I’ve been reading through the diaries of Reverend Moses How, who served as chaplain of the Seamen’s Bethel from 1844 to 1859. Reading How’s diaries (there are several in the collection) isn’t as interesting as one may think – they read straightforward, more like a planner than the source of secrets. How visited jails, Sunday schools, Port Society meetings, and traveled around the south coast of Massachusetts to talk to numerous people.
As I first skimmed through the diaries, I saw tallies at the top of each page. Sometimes there were two or three lines – sometimes there were a few dozen. I didn’t think about those tallies until I started reading.
He was keeping track of the number of funerals he had attended.
I found this devastating at first, how depressing it must have been for him. But then again, I couldn’t think much of it – he was a chaplain and reverend, it was regular responsibility in his line of work. How kept records of lots of things in each year of service – how many marriages he had performed, how many births in his congregation, how many sermons he had given and where they took place. But funerals were the only ones that are left with a permanent mark in his diary – a physical remnant of his counting.
I’ve been reading How’s diaries to get a sense of his interactions with the seamen, though he doesn’t go into much detail. He was there for 14 years, but the strongest interactions he records are ones with dead men. It seems he struggled with his duties at the Bethel, trying to work for both the Port Society and to also carry out assistance to the seamen:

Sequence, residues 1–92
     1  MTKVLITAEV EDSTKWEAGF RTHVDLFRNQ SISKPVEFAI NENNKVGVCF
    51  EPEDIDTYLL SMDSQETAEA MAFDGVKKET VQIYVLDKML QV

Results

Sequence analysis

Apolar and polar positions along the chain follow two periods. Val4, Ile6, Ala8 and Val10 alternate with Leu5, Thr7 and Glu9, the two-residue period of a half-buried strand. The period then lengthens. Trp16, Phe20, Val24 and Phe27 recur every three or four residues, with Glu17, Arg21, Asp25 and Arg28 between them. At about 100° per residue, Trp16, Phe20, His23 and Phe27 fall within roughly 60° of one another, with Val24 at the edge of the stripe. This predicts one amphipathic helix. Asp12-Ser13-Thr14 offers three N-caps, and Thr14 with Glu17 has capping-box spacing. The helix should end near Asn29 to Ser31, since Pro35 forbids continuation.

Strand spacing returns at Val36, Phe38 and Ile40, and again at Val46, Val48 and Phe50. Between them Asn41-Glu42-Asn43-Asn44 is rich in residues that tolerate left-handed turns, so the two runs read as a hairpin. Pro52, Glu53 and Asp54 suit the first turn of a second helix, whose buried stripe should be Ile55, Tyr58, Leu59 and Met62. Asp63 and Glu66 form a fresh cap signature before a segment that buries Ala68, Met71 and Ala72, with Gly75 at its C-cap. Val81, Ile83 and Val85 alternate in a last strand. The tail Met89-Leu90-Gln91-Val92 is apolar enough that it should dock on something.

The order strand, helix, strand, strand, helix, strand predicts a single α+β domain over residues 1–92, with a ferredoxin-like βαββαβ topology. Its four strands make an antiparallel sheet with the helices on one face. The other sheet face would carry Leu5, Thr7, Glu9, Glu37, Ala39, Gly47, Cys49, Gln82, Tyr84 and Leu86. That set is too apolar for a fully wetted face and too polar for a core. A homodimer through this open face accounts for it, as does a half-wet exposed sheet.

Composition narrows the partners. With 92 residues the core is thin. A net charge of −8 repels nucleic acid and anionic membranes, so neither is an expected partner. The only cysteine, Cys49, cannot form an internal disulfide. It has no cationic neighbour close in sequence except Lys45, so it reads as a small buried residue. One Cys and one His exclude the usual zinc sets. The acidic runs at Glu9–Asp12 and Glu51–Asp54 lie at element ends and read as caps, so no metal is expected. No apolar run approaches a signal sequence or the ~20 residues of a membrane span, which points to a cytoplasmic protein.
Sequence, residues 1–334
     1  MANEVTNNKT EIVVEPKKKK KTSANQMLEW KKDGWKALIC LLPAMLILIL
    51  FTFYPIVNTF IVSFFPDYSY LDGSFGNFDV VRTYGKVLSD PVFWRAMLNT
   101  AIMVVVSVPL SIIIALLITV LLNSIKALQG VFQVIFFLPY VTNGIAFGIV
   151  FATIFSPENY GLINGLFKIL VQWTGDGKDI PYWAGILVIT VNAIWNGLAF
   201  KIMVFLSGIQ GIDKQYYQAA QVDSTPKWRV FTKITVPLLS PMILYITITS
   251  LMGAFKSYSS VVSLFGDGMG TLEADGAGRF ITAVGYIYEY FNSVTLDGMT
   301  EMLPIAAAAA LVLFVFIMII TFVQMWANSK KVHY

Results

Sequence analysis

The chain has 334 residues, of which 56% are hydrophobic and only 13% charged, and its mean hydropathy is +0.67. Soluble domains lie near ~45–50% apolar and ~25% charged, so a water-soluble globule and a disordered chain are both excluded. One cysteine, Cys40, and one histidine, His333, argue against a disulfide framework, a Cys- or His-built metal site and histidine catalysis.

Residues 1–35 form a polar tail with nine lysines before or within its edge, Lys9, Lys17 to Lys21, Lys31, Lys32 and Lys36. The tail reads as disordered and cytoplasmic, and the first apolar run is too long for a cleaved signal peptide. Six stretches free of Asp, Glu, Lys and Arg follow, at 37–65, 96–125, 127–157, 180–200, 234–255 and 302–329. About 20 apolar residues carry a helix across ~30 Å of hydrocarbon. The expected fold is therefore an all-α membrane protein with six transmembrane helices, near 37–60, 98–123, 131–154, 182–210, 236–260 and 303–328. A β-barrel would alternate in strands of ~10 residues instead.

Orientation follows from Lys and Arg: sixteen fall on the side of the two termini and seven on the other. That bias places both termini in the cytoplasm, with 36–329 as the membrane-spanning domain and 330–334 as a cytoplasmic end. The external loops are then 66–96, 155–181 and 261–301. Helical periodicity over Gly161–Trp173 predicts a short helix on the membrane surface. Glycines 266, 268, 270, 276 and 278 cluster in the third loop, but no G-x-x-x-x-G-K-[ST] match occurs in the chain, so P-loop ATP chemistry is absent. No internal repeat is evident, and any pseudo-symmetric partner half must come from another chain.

I am more and more convinced that any man who will be a true friend to the sailor and look out honestly for his temporal welfare will be unpopular with most of this — community. If I had known as much about the duties and difficulties attending as a pastor at the Seamen’s Bethel, as I do now, I am confident I should have never consented to go there, and now I see the wants of seamen, and their need of a friend they can confide in. I cannot bear the thought of leaving them, and yet, I sometimes think I cannot stay there any longer. I hope my heavenly Father will teach and guide me in the way I should go. (December 8, 1855)
Apparently, How was guided to stay, because he didn’t announce his resignation until late 1858:
I shall retire from my field of labor at the time you may designate, but not without feelings of deep anxiety for the prosperity of the Bethel, the Ladies’ Branch, and the Mariner’s Home, and earnest prayer that the abundance of the seas may be yet converted unto God. (October 21, 1858)
But I’m moved by that first passage I came across – wondering what had happened for How to commit this to paper. Was this an outburst? Or was it a decades’ worth of experiences finally coming out? What are the “wants of seamen” that he was unable to provide?